131 F3d 767 United States of America v. Leo Lecompte

131 F.3d 767

UNITED STATES of America, Appellant,
Leo LeCOMPTE, Appellee.

No. 97-1820SD.

United States Court of Appeals,
Eighth Circuit.

Submitted Oct. 21, 1997.
Decided Dec. 22, 1997.

Mikal G. Hanson, Pierre, SD, argued (Karen E. Schreier, Asst. U.S. Atty., on the brief), for appellant.

Terry L. Pechota, Rapid City, SD, argued, for appellee.

Before RICHARD S. ARNOLD, Chief Judge, LOKEN and HANSEN, Circuit Judges.


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Before the trial of Leo LeCompte for the alleged sexual abuse of his wife's 11-year-old niece, "C.D.," under 18 U.S.C. §§ 2244(a)(1) and 2246(3) (1994), the defendant moved in limine to exclude evidence of prior uncharged sex offenses against another niece by marriage, "T.T." The government argued that the evidence was admissible under Federal Rule of Evidence 414 (Evidence of Similar Crimes in Child Molestation Cases). The District Court excluded the evidence under Rule 403. The government appeals this evidentiary ruling. Such pretrial appeals are authorized by 18 U.S.C. § 3731 (1994). We reverse and hold that the motion in limine should not have been granted. We do so in order to give effect to the decision of Congress, expressed in recently enacted Rule 414, to loosen to a substantial degree the restrictions of prior law on the admissibility of such evidence.



LeCompte is charged with child sex offenses allegedly committed in January 1995. According to the victim C.D., prior to January 1995, LeCompte had played games with her at her aunt's trailer and had exposed himself to her on at least one occasion. The actual incidents of molestation allegedly occurred while she was lying on a couch at her aunt's, with her siblings sleeping on the floor next to her. LeCompte allegedly joined her on the couch, forced her to touch his penis, and touched her breasts.


The government offered evidence of sex offenses committed by LeCompte against a niece of his first wife during that marriage, between 1985 and 1987. This niece, T.T., would testify that LeCompte had played games with her at her aunt's house, had exposed himself to her, had forced her to touch his penis, and had touched her private parts.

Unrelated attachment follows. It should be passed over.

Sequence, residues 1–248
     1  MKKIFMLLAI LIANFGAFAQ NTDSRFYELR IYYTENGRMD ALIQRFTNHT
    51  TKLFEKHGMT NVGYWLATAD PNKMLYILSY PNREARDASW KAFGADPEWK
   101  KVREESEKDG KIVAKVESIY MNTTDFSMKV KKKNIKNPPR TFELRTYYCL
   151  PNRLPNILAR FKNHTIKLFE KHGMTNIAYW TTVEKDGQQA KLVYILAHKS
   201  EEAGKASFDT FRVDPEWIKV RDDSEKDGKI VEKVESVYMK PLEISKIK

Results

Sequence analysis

The admissibility of T.T.'s testimony has been considered by this Court once before. In LeCompte's first trial, the government offered the evidence under Rule 404(b). It was not then able to offer the evidence under Rule 414 because of its failure to provide timely notice of the offer, as required by Rule 414. The District Court admitted the evidence, and the jury convicted LeCompte. On appeal, this Court held that the District Court's admission of the evidence under Rule 404(b) was improper, and reversed LeCompte's conviction. United States v. LeCompte, 99 F.3d 274 (8th Cir.1996). We now consider the admissibility of T.T.'s testimony in LeCompte's retrial, under Rule 414, the government having given timely notice the second time around.



On remand, LeCompte moved in limine to exclude the evidence. The District Court ruled that T.T.'s testimony was potentially admissible under Rule 414, but excluded by Rule 403. It noted that although the evidence's only relevance was as to LeCompte's propensity to commit child sexual abuse, Rule 414 expressly allowed its use on that basis. The Court then turned to a Rule 403 analysis of the evidence. As to the evidence's probative value, the Court recognized the similarities between C.D.'s and T.T.'s accounts: they were both young nieces of LeCompte at the time he molested them, he forced them both to touch him, he touched them both in similar places, and he exposed himself to both of them. The Court found that the evidence's probative value was limited, however, by several differences. First, the acts allegedly committed against C.D. occurred with her siblings present, while the acts against T.T. occurred in isolation. Second, LeCompte had not played games with C.D. immediately before molesting her, as he had with T.T. Finally, the acts against C.D. and T.T. were separated by a period of eight years. The District Court concluded that the probative value of T.T.'s testimony was limited.